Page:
May 22, 2007

From Tim Taylor:

Re: What is consciousness? Study aims to settle debate (May 20): I believe that both sides of the so called scientific debate mentioned in your article are quite far off base in their respective approaches to the meaning of consciousness.

First of all, consciousness (as distinguished from cognition) is not a biological process. Consciousness is entirely a mental process, a method of thinking abstractly by using metaphors from language. Consciousness is LEARNED. It is not innate.

You learned consciousness starting from infancy as you learned language. There is no consciousness without abstract language. Thus, infants are not conscious until they have learned to think using abstractions which arise from language. Humans were not conscious before the advent of abstract language. The historical record proves this, as we can see that language and abstract thinking was not common among humans only 10,000 or so years ago. Humans had not begun to think using abstractions.

Animals are not conscious. They think cognitively and can think very well but, do not use consciousness which is nothing more than abstract thinking. (Some animals come close though) We humans do not always use consciousness in our thinking. We can drive a car or bicycle or do may repetitive tasks while completely unconscious. That involves cognitive thinking. Consciousness only comes into play when we start thinking abstractly.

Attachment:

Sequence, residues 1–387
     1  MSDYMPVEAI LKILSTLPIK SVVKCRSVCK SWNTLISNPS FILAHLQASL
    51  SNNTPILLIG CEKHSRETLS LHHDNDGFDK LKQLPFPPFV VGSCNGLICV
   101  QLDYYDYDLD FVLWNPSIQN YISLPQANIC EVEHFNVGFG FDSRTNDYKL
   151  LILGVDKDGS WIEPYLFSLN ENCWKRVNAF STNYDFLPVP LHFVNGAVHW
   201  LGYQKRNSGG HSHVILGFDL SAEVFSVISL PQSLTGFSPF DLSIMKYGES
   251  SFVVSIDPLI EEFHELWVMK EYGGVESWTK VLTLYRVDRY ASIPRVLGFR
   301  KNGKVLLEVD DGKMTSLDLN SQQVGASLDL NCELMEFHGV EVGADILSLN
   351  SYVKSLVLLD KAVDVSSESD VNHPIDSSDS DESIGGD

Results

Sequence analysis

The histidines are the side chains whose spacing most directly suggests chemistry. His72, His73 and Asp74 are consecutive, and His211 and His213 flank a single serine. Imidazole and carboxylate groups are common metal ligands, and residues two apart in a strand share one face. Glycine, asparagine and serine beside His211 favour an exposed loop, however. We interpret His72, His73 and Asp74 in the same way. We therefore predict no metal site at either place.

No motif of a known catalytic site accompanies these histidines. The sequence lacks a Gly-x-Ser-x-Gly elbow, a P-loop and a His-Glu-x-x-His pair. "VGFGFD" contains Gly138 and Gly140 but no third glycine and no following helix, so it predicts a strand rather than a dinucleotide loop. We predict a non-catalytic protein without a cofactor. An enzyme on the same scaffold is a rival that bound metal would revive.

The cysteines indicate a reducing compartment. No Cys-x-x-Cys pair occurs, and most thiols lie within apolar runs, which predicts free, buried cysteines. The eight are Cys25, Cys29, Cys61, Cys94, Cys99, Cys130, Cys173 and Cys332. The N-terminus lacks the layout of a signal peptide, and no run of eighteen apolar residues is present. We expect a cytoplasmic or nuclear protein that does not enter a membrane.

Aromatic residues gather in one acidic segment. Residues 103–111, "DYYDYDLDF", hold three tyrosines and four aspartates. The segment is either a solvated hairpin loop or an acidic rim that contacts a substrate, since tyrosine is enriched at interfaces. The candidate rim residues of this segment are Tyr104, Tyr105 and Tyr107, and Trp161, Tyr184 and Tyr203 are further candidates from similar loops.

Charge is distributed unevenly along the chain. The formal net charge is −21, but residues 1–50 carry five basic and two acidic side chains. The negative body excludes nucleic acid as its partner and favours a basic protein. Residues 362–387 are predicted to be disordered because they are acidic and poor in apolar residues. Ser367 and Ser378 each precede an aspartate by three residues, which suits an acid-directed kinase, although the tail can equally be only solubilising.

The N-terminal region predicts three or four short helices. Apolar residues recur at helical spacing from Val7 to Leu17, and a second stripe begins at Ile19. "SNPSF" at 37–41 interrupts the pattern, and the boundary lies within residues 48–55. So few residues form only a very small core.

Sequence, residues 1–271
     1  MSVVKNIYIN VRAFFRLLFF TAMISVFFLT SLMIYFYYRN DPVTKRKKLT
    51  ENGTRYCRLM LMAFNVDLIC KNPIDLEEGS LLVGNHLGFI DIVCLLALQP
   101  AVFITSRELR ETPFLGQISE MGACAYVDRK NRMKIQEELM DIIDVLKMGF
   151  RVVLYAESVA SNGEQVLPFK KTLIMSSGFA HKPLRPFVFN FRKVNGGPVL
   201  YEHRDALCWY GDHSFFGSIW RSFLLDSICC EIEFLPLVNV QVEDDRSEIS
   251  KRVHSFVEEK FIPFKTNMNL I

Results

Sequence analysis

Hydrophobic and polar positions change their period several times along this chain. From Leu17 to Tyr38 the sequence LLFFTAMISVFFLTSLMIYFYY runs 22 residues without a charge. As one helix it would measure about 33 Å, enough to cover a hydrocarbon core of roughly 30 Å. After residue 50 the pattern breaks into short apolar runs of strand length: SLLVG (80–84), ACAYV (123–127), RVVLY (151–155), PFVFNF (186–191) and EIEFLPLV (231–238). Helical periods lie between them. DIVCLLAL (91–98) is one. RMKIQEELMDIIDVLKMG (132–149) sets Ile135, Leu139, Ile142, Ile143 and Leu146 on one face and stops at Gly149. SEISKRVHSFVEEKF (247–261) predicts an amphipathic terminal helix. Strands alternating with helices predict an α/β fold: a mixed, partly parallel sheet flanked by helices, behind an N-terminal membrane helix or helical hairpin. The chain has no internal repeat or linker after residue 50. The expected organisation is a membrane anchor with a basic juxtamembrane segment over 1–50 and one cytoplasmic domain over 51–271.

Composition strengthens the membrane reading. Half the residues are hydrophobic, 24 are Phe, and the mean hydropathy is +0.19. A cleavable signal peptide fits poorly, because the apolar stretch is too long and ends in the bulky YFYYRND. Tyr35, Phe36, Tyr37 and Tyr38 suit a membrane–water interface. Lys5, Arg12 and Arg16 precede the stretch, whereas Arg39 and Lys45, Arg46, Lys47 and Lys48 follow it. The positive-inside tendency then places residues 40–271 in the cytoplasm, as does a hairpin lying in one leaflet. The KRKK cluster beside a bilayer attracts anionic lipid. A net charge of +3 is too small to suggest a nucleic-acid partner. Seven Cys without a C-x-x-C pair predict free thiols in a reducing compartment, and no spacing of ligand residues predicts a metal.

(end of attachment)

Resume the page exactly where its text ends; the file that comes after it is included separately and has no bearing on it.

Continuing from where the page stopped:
Out of body experiences are the product of abstract thinking using consciousness. Using abstract thinking, for example, you can “see” yourself outside of your physical body. Anyone can do it and we humans do it all the time. There is no mystery about it -- nothing supernatural or even complicated for that matter.

I’m surprised that such renowned scientists haven’t figured this out. Perhaps it is so simple that it eludes them.


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